‘Paradise Square’ review: An ambitious yet overdrawn historic epic

  • Our critic's rating:
    Date:
    April 4, 2022

    Paradise Square, the new Broadway musical, is blessed with a cast of powerhouse singers, Jason Howland’s lovely score, and enough action for three separate shows. Unfortunately, that’s part of the show’s problem. Written by Larry Kirwan, Christina Anderson, and Craig Lucas, the show’s book is saddled with so many characters with so many ambitions that three hours is not enough time to resolve their issues.

    From racism to immigrant rights, murder, capitalism, and worker’s rights, the plethora of problems the show tries to address leads to an overdrawn production. Given its narrative contrivances and refusal to give any of the issues enough focus, the show struggles to accomplish its goals.

    We open with Nelly O'Brien née Freeman (Tony Award-nominee Joaquina Kalukango) speaking directly to the audience about the history of Manhattan’s Five Points neighborhood. The saloon Paradise Square is the area’s communal center, and Nelly inherited the place from her father, a runaway kidnapped African. Nelly tells us that she will reveal the true and forgotten history of her community.

    She is married to Willie O’Brien (Matt Bogart), an Irish immigrant fighting against the South in the Civil War. His sister, Annie Lewis (Chilina Kennedy) is married to Reverend Samuel Jacob Lewis (Nathaniel Stampley). Like Nellie's father, Reverend Lewis escaped slavery and made a good life for himself in New York.

    The family’s Irish nephew, Owen Duignan (A.J. Shively) arrives from their famine-strangled home country in search of opportunity on the same day that a plantation runaway contacts Reverend Lewis. (Lewis is a member of the Underground Railroad and helps shepherd runaways from the South to Canada.)

    Rather than continue to safety, this runaway, who is renamed Washington Henry (Sidney DuPont), insists that he stay in New York until he can reconnect with his wife, Angelina Baker (Gabrielle McClinton). The two were separated while making their escape.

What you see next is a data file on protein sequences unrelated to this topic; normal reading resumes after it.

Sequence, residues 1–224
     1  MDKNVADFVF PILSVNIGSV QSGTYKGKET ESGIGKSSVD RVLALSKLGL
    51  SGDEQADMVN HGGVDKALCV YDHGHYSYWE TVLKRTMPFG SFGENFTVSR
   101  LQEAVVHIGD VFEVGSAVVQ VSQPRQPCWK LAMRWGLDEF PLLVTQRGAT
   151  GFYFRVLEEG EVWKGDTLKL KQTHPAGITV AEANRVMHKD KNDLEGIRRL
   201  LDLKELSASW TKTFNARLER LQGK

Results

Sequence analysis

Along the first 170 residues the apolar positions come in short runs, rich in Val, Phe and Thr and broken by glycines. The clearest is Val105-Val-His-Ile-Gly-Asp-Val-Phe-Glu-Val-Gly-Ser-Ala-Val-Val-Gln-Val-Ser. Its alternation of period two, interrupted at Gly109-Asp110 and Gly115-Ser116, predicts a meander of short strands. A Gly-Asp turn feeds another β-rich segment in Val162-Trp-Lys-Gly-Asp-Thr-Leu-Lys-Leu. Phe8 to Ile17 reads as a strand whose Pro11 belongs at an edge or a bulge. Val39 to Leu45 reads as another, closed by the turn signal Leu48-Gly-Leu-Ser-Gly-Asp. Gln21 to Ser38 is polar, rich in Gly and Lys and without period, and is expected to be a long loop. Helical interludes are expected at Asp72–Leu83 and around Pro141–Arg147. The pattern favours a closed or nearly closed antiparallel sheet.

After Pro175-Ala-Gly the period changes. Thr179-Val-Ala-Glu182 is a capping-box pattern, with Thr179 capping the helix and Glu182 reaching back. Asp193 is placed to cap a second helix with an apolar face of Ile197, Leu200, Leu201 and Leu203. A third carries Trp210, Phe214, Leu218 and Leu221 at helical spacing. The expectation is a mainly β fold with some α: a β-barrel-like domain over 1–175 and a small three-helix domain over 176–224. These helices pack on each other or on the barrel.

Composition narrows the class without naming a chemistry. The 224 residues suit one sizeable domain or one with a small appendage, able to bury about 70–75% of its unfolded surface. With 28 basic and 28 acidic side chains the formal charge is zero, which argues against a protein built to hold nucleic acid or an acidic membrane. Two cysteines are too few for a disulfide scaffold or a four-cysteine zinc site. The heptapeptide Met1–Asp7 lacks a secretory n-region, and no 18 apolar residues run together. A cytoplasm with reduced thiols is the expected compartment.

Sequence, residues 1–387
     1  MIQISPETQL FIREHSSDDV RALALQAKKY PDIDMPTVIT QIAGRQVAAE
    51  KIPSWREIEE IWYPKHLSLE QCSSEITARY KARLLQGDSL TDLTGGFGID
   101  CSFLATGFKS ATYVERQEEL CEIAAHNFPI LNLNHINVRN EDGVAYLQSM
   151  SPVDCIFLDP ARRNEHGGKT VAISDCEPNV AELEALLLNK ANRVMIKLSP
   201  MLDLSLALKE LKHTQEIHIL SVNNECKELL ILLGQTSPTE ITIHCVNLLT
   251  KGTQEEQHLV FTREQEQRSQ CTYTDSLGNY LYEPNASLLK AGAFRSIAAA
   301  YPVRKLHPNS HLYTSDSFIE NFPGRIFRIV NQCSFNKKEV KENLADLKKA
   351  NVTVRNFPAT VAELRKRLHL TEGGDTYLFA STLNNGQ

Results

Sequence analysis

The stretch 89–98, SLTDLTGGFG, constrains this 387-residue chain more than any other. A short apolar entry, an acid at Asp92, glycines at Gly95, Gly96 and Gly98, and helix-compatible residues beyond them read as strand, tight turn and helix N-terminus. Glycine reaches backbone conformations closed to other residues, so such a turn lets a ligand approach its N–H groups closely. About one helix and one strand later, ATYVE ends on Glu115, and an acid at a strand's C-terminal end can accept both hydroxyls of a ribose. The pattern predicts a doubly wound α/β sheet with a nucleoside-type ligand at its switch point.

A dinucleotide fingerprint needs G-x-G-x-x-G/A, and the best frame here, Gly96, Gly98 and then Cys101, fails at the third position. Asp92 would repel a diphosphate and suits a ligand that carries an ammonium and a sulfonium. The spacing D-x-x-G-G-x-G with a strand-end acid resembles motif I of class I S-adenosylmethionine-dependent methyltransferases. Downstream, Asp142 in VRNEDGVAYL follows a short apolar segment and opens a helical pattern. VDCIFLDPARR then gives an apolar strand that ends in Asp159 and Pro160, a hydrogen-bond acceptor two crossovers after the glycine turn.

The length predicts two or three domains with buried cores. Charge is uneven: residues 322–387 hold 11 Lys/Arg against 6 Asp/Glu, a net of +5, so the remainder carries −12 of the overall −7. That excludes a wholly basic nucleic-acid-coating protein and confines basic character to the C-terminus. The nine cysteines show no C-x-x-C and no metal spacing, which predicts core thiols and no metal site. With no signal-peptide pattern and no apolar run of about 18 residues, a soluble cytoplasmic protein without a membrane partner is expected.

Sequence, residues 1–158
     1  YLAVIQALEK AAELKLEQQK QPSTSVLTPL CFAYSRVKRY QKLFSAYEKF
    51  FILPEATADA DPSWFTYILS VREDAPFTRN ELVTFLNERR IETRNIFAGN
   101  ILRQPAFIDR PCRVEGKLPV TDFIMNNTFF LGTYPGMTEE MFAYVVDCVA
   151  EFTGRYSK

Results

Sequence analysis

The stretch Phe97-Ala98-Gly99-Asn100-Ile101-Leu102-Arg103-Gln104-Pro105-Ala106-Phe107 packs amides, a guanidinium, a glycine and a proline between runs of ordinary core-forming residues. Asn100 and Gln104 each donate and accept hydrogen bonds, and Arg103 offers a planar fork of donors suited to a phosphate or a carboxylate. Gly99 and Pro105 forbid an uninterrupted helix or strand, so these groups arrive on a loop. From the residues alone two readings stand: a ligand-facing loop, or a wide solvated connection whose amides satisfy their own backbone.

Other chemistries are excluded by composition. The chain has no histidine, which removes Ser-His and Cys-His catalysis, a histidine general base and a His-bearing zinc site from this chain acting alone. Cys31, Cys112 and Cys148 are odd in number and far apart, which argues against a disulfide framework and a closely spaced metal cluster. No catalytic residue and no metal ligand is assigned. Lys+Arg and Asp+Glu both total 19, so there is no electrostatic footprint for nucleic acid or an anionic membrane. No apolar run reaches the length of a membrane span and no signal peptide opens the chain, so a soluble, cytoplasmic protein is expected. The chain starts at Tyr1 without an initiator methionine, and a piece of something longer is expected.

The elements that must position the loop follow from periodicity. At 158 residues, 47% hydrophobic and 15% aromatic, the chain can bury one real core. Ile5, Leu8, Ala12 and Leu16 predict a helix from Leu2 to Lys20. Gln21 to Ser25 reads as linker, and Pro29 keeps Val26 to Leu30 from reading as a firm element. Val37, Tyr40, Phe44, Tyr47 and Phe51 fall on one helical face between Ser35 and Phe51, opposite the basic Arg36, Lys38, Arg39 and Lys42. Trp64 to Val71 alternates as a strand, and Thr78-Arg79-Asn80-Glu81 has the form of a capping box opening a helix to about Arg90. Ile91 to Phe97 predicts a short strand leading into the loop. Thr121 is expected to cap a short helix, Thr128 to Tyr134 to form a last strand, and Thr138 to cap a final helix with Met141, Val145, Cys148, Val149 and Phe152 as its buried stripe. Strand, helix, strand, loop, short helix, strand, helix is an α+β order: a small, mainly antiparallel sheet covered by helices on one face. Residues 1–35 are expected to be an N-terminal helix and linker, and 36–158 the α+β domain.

Meanwhile, Frederic Tiggens (John Dossett), a wealthy Southern sympathizer wants to destroy Nellie's saloon because it’s where freed Black people and Irish immigrants consort, which goes against his desire to exploit poor laborers. He finds a pawn in “Lucky” Mike Quinlan (Kevin Dennis), who has returned home after losing an arm in the war and is now unable to find work.

    After it is announced that all white men between the ages of 25 and 45 will be drafted for the war, regardless of their immigration status, Lucky ignites a racist fervor against the “coloreds” who took Irish jobs and refuse to fight for their own freedom ― even though people of color are barred from serving. All of this occurs within the first act.

    Paradise Square presents an incredibly sophisticated story, but ultimately, the show doesn’t fully process its nuance. For example, while presenting the sticky issue of banning Black men from military service while white Irish immigrant men are forced to serve, the show pivots to the news of a character’s death without completely addressing the issue.

    When the issue of harboring the runaway slave Washington comes up, rather than send him onto the next safehouse (as happened frequently with runaways before the Emancipation Proclamation), Nellie allows him to stay after he explains that he killed his former master to protect his wife―even though this explanation makes getting him out of town, and away from the bounty on his head, even more urgent. He stays for a while and then goes to find his wife, but after leaving safely, Washington returns a few scenes later to participate in a dance, for no other reason than to set off the next dramatic bomb.

    The audience at the performance I attended gasped at this moment. It seems, having characters behave against their own best interests and with minimal explanation is the only way that the authors can keep the action moving. Kaufman's direction and Allen Moyer's cramped scenic design do little to help the show’s overstuffed nature. Rather, they keep the proceedings peddling in place like a hamster on an exercise wheel.

    Among the company's many vocal standouts, Kalukango's voice is an embarrassment of riches. A true singing actress on par with Audra McDonald or Kelli O'Hara, her gloriously plush mezzo soprano blends seamlessly from crystalline bell tones to rafter shaking belts, while making sense of Nathan Tysen's and Masi Asare's banal pop lyrics as if they were Shakespearean text. 

    The show climaxes with the Draft Riots of 1863, a real historical event that deserves to be told.  Those riots left 119 people dead, 2,000 people injured. This tragedy reduced the city’s Black population by a quarter, and demolished the Black homes and businesses of the Five Points neighborhood with approximately $16.9 million – $84.7 million worth of property damage in today’s money.

    Martin Scorsese's The Gangs of New York, as well as Herbert Asbury's book of the same name covered this history, albeit from a decidedly white perspective. In telling their more inclusive version, Kirwan, Anderson, and Lucas do audiences no favors. Perhaps a future version of this music will cut the book in half and focus on a more manageable set of storylines.  

    Paradise Square is running on Broadway at the Barrymore Theatre. Book Paradise Square tickets on New York Theatre Guide.

    Photo credit: Chilina Kennedy and Joaquina Kalukango in Paradise Square (Photo by Kevin Berne)